Similarly, with our Health Program team we were looking at the disparities that come out of where people live or their life circumstances. But for the Environment Program team, we sort of sat on the shoulder of that work. Lois DeBacker, the managing director of the program, had come to us from the Mott Foundation, where she had structured a really sophisticated and thoughtful program. And so I thought, “Well, maybe what we need to do is just sort of migrate Mott south to Kresge.” And, sure enough, Lois set up a very thoughtful early program having to do with renewables and all sorts of things that we might want to look at.
But as we increasingly brought into clearer view this notion of urban opportunity, of low-income opportunity in cities, Lois asked the question – we all asked the question – of whether it might not make sense to step back and take another look at that Environment Program. It wasn’t a step away, necessarily, from the good work that we had been doing, but an attempt to understand whether there wasn’t a way to put low-income opportunity front and center in the program. So Lois and others on the team spent the better part of a year working with our board; we actually set up a specific work group to work with the staff, and they developed the program as we currently know it.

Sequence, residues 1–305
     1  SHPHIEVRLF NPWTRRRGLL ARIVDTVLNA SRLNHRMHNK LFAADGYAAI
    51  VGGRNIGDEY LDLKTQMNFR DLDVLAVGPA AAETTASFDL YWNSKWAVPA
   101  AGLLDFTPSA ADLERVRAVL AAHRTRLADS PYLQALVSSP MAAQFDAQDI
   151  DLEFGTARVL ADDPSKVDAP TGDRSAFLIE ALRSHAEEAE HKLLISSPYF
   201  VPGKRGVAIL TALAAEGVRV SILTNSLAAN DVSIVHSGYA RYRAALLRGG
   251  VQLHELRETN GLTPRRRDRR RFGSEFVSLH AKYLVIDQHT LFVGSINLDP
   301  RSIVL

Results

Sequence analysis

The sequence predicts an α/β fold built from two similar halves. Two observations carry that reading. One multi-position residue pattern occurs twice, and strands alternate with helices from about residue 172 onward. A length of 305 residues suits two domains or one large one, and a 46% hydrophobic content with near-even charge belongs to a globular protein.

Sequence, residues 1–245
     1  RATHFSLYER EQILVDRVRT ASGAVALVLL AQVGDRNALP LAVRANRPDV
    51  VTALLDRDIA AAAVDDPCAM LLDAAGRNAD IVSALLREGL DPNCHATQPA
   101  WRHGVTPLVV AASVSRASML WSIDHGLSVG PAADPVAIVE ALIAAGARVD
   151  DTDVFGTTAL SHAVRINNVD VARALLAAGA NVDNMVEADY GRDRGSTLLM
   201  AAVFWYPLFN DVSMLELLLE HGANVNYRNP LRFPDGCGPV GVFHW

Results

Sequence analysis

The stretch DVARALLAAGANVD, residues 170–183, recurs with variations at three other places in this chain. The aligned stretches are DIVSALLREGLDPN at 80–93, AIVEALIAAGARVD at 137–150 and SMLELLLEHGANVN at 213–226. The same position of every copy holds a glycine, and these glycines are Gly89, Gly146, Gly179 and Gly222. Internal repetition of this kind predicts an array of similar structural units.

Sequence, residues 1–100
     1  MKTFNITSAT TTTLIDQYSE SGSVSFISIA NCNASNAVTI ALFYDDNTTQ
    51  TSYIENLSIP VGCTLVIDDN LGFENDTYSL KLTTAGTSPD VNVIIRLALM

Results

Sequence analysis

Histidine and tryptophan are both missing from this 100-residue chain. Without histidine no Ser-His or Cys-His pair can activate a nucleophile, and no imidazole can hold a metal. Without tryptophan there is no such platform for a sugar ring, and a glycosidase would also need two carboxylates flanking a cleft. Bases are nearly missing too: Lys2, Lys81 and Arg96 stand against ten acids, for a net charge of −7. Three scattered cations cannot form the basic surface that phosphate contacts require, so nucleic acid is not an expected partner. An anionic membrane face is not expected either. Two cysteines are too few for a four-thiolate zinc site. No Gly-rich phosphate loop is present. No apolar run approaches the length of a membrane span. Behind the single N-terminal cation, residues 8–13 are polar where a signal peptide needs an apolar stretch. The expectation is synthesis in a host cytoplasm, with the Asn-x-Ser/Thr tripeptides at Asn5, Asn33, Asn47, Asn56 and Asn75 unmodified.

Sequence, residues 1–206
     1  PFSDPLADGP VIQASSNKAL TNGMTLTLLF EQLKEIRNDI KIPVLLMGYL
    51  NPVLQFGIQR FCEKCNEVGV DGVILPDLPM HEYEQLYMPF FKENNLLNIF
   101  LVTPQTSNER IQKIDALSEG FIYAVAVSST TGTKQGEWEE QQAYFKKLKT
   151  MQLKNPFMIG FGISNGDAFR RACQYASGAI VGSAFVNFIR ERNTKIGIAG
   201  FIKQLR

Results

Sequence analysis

It was a very unnatural act to take a program that in many ways was a little bit technical – focused on mitigation, on lots of different dimensions of adaptation – and zero it in on the kinds of complex, cross-disciplinary work that you all are doing in order to truly give voice to low-income people in determining the future of their worlds, or your worlds – of all of our worlds in a climate-induced environment.
So it was a big pivot, and I think the fact that you are all here and engaged in these kinds of conversations reinforces my sense that it was a pivot we really needed to make.
Using an interdisciplinary approach
One of the consequences of that pivot is a move to deeply complex, interdisciplinary work. If you’re focused largely on technical solutions in the environmental field, you can sort of work alone. And I think some really good work is being done all across the country through that channel.